Springpad Relaunches Personal Organizer, Adds Wine Library’s Vaynerchuk

Charlestown, MA-based Spring Partners announced today that it has relaunched Springpad, its online personal organizer, to include a number of new features that help users find, personalize, and share content.

For example, Springpad now comes with a “Web clipper” tool that makes it easier for users to add material discovered at websites, such as restaurant or product information, to their personal notebooks. The company has also partnered with selected Web publishers to include special “save” buttons adjacent to the publishers’ most relevant content—say, the shopping list for a specific recipe—so that users can copy the the information directly into their Springpad accounts. (See the YouTube summary of Springpad’s new features below.)

The company also announced that Gary Vaynerchuk, founder of popular wine site Wine Library TV and CEO of Vaynermedia, has joined Spring Partners’ board of advisors. Vaynerchuck is using Springpad himself and has integrated Springpad’s “save” button into the Wine Library TV site.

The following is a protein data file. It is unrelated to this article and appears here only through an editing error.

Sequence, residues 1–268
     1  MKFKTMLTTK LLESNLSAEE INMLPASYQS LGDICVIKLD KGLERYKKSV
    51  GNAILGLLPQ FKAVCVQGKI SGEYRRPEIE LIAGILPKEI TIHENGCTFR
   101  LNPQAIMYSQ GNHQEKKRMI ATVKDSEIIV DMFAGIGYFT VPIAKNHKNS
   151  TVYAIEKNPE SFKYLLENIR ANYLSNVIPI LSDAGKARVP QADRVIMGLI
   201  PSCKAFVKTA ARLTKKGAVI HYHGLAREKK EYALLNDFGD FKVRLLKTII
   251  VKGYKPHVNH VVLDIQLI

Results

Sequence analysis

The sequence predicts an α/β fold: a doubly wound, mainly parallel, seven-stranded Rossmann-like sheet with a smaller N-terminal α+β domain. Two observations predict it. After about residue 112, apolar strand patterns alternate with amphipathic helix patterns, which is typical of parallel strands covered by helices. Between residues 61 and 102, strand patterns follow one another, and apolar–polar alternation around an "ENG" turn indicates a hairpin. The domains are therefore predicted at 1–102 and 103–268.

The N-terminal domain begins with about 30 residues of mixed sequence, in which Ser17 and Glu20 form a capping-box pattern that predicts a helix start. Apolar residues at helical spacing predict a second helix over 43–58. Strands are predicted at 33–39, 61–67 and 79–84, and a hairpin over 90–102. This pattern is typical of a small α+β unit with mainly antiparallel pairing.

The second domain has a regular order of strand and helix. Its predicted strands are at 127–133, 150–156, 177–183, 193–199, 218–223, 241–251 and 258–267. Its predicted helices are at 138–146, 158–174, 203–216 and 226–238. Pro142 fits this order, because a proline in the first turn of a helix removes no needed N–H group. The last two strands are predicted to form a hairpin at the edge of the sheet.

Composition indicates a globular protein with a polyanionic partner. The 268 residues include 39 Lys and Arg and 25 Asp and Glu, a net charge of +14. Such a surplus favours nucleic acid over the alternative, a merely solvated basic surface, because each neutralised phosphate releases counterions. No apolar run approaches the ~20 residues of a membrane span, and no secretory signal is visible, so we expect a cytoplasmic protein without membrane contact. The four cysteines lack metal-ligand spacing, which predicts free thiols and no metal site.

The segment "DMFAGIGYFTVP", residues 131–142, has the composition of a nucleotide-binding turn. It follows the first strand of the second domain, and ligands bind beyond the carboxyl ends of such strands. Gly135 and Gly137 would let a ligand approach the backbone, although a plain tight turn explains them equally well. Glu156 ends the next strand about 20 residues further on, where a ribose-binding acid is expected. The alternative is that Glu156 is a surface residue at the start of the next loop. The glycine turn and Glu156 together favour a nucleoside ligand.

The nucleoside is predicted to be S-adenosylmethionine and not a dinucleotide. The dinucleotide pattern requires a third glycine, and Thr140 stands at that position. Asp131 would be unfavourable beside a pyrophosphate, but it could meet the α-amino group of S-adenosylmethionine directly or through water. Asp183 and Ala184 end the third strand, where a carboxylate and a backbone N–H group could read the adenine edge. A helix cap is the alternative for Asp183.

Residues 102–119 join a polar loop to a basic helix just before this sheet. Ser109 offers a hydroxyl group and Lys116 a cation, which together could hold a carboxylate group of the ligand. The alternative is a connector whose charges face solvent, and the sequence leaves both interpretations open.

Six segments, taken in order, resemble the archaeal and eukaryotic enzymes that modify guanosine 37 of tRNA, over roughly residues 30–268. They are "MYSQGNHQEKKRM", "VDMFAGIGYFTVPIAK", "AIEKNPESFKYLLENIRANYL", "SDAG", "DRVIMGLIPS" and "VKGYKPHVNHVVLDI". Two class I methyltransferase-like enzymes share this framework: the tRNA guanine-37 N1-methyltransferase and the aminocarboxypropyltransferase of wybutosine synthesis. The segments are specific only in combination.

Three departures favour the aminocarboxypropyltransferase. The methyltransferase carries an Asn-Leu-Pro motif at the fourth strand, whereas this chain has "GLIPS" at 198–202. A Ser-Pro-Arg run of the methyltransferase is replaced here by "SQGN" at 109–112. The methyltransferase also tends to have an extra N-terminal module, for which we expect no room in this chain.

“I’m a big believer in Springpad’s vision that content from publishers and brands can be made even more useful to help people organize their lives, get things done and share their knowledge,” Vaynerchuk said in a statement from the company. “When I saw what Springpad could do I loved the fact that my viewers could do anything they wanted to do with the data, not what I might have thought they wanted, I quickly and easily integrated my winelibrary.tv site with Springpad and created several Springpad apps, including a Wine Notebook and Thunder List.”

Xconomy profiled Spring Partners in November 2008 and July 2009.

Wade Roush is a freelance science and technology journalist and the producer and host of the podcast Soonish. Follow @soonishpodcast

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One response to “Springpad Relaunches Personal Organizer, Adds Wine Library’s Vaynerchuk”

  1. Springpad is really onto something. Gary Vee summarized it well when he said he liked the idea of letting his audience do what they want with his content…not just what a publisher might anticipate. That’s smart thinking.